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Buddhism for Western Children

2.93  ·  Rating details ·  30 ratings  ·  13 reviews
Set on the coast of Maine and in the high desert of New Mexico in the late 1970s through the early 80s, Buddhism for Western Children is a universal and timeless story of a boy who must escape subjugation, tell his story, and reclaim his soul.

In search of community and transcendence, ten-year-old Daniel’s family is swept into the thrall of a potent and manipulative guru.
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Paperback, 284 pages
Published October 1st 2018 by University Of Iowa Press
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Average rating 2.93  · 
Rating details
 ·  30 ratings  ·  13 reviews


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Joseph Spuckler
Sep 11, 2018 rated it it was amazing
Shelves: literature

Buddhism for Western Children by Kirstin Allio is a novel about ten-year-old Daniel and his family and life following a guru. Allio is the author of Clothed, Female Figure and Garner, which was a finalist for the LA Times Book Prize for first fiction. Her honors include the National Book Foundation’s 5 Under 35 Award and a PEN/O. Henry Prize.

The story is told through the eyes of Daniel, a ten-year-old boy, and their family's quest into spirituality. The guru and living god is Avadhoot Master
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Tiffany
Oct 15, 2018 rated it it was ok
Kirstin Allio's Buddhism for Western Children delves into the cult mindset as told from the perspective of 10 yr. Daniel. The language is descriptive, sharp, and encourages the reader to focus and be pulled into the story. The problem for me was that I just could not get pulled in. The slightly modern styling and presentation of information just isn't my preference when reading. I pushed though to finish, which is why this review has been delayed past the publishing date. I wanted to care for ...more
Sarah
Sep 28, 2018 rated it did not like it
Buddhism for Western Children review - no spoilers - DNF / 0 stars
Unfortunately I couldn't finish this one. The writing style coupled with the lack of punctuation when someone is talking and the random lowercase words which should be capitalized ( it definitely is intentional) was too frustrating for a type A person like myself to handle. I did give it a try though, the premise was and still remains intriguing. Maybe you will fair better at it than I if you're interested. It publishes October 1.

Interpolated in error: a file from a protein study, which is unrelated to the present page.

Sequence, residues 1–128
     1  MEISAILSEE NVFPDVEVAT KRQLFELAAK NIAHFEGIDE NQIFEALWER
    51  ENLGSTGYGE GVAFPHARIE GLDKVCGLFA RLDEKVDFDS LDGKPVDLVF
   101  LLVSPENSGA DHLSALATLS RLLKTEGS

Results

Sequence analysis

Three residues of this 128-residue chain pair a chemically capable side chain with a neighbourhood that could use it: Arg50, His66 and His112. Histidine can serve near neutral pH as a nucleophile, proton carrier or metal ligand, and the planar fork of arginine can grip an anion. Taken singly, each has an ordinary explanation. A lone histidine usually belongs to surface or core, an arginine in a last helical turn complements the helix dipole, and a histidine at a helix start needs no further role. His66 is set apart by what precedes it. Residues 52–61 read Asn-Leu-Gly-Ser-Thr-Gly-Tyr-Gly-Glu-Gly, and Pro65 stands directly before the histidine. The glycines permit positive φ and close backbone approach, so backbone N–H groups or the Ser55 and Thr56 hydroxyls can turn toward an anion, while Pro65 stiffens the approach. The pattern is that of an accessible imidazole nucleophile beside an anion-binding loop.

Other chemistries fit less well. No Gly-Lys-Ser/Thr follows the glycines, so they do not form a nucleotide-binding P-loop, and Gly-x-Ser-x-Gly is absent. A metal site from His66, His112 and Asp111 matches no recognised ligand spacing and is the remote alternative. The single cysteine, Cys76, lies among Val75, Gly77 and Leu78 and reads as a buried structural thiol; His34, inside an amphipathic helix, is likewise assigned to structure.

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Darcysmom
Sep 17, 2018 rated it it was ok
Shelves: netgalley
I received an ARC of this book from Netgalley for free in exchange for an honest review.
Buddhism for Western Children was a strange, occasionally hypnotic book. It often made me angry and disgusted with adults who sacrifice their children in the name of their own spiritual journey. The book tells the story of Daniel, whom the Guru later renames Jubal. Daniel/Jubal is ten years old when his mother and step-father decide to travel from Halifax to the Guru's compound.
It is very quickly obvious to
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mango
Mar 03, 2019 rated it did not like it
Shelves: 2019
I DNFed this one. I just couldn't continue it because as I read more and more, it became more confusing. There were all these characters that I could not remember. There was a lack of dialogue and the whole story just felt flat. The idea was interesting, but the way it was portrayed was lacking.
Cheyenne
May 07, 2019 rated it did not like it
One star might not be fair since I couldn't finish it. I really tried, but had to call it quits after a few chapters. The writing is terrible and makes no logical sense for the reader to follow. It became frustrating enough to force me to return it unread to the library.
Tom
Jan 09, 2019 rated it liked it
Somewhat bizarre, clever finish, altho' i'm a bit unclear how Daniel made it happen, or what the impact was.
SooYoung
Jan 07, 2019 rated it did not like it
Couldn't get past the first 2 chapters. Just not for me.
Lois Plale
Jan 09, 2019 rated it it was ok
I would have liked this better if the language was easier to understand. It was difficult to follow
Renia Carsillo
Jan 20, 2019 rated it it was amazing
Haunting, beautiful, and engagingly weird. This one is going to stay with me for awhile.
Suzanne McGregor
May 12, 2019 rated it liked it
Wierd, and sad.
Breakaway Reviewers
Oct 09, 2018 rated it it was ok
I feel like the little boy who can see that the Emperor is naked!

Ray and Cleary MacFarland, reluctantly accompanied by their son Daniel, ten-years-old, leave everything that has made up their lives so far, and journey to California to join the group led by Avadhoot Master King Ivanovich, the Guru.

Daniel must come to terms with this cult, the craziness that it all entails and even having his name changed (on the whim of the Guru) to Jubal.

I felt like I had taken LSD or some other kind of
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Rebecca
Dec 24, 2018 rated it it was ok
Shelves: fiction
Well, this was a strange one. The prose does a great job of capturing the cult craziness, but it can be hard to read at times, and sometimes it doesn't make sense (although maybe it's not supposed to?). It was a difficult read but not awfully long. And I must say the ending was good.
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